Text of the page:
Archives : Briefing Papers
Over the past five years, Pakistan has witnessed three major crises affecting up to 18 million people.
This briefing paper is the first output from the LIVE project (Livelihoods, Insecurity and Value Chains Examination in Karamoja), a collaborative study with Save the Children in Uganda funded by USAID Food for Peace.
This new briefing paper explores the policy and operational implications of the current crises and the challenges to humanitarian action in Somalia. It examines how international state-building and counterterrorism objectives in Somalia have compromised the ability of international humanitarian actors to assist and protect vulnerable populations.
The comments here are based on data collected by Feinstein teams in field work conducted in Karamoja since 2005, as reflected in the various studies on Karamoja available elsewhere on the Feinstein website. Read this document Download this document (PDF) … Read More
Savings and Chance, a study by a team from the Center for Emerging Market Enterprises (CEME) at the Fletcher School at Tufts University explores the ubiquity of gambling practices in Haiti and their implication for financial services. As findings indicate, the Haitian lottery, known as the borlette, appears as a historical and cultural response to economic and social marginalization, as well as a manifestation of undeterred hope for a transformational lump sum, a sum large enough to allow them to escape their current circumstances.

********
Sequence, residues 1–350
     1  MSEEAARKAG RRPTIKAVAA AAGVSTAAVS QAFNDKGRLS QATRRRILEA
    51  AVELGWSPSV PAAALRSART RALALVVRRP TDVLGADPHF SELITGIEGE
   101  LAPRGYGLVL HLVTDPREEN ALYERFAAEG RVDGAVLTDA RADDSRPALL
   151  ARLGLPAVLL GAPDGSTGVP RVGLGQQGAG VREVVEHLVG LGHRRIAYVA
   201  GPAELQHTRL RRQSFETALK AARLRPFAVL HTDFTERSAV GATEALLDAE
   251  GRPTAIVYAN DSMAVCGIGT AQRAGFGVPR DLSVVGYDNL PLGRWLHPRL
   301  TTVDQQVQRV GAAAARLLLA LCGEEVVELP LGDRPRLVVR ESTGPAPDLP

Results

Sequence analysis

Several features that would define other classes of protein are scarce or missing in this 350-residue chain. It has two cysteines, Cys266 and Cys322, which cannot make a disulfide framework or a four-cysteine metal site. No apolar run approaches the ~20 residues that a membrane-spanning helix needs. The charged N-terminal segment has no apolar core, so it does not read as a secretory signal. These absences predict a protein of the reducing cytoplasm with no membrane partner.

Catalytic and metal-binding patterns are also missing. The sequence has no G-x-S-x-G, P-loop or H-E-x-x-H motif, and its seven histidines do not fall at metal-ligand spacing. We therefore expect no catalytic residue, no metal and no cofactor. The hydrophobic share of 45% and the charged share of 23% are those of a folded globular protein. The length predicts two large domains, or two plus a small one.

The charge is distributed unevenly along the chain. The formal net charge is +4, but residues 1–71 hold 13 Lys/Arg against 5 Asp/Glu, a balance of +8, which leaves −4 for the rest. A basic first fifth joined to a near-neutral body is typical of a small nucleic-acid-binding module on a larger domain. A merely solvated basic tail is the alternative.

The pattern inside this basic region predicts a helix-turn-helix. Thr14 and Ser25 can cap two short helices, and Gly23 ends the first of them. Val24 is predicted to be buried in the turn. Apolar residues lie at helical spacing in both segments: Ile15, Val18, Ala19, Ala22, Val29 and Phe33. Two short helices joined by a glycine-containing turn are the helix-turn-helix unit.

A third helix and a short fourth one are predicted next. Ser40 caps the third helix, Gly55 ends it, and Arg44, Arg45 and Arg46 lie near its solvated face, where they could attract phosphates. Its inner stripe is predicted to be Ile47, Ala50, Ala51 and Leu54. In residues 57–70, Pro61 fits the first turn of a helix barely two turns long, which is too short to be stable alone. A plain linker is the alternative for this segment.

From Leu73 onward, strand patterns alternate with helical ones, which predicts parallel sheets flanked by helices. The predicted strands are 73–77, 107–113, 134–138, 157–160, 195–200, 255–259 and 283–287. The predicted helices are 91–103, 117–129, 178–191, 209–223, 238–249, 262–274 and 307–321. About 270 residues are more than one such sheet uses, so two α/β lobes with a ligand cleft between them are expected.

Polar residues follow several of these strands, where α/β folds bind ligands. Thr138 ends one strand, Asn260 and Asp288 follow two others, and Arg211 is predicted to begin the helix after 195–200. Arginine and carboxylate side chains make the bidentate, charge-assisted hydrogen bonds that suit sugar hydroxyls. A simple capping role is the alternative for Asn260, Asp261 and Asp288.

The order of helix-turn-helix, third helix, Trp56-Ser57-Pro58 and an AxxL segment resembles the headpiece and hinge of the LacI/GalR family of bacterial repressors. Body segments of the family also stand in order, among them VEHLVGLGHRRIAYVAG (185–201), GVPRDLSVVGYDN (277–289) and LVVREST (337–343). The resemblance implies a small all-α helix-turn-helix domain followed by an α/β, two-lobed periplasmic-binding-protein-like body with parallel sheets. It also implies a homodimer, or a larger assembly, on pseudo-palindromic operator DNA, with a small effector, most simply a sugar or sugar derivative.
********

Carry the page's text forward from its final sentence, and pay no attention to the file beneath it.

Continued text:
This briefing paper summarizes the key issues and dynamics that have shaped the humanitarian experience in Sri Lanka and draws lessons that, if learned, may help inform humanitarian engagement in other international contexts.
Researchers at the Feinstein International Center (FIC) at Tufts University have embarked on a major two-year research project on Humanitarian Action and Politics. This project builds upon and expands on the earlier research on Humanitarian Agenda 2015 -- Principles, Power and Perceptions (HA2015) which involved 13 country case studies of local perceptions of humanitarian action and a synthesis report.
More than simply an economic phenomenon, globalization is a multi-faceted and dynamic process with implications for future migration and mobility, technological expansion, and worldwide social inequality. With an eye on the many possible futures of globalization, the authors of this paper consider the likely consequences of each for the humanitarian community.
Not only affected by the trends and events that occur within the world in which it operates, the humanitarian system is equally affected by those developments and trends that take place inside the organizations and networks comprising the system. In this paper, John Borton describes these internal dynamics – including the conflation of “humanitarian” and “development”, shrinking humanitarian space, and issues of accountability – and creates a picture of future humanitarian response in light of these changes.
Global climate change will have inevitable consequences and implications for the humanitarian community. Although specific outcomes are unclear, it is certain that the world will experience significant transformations in the next 20 years, and that currently vulnerable populations will be among those most affected. Researchers from the Stockholm Environment Institute, as the authors of this paper, describe the current state of climate information, and the expected human and physical consequences for which humanitarian organizations must be prepared to address in the next two decades.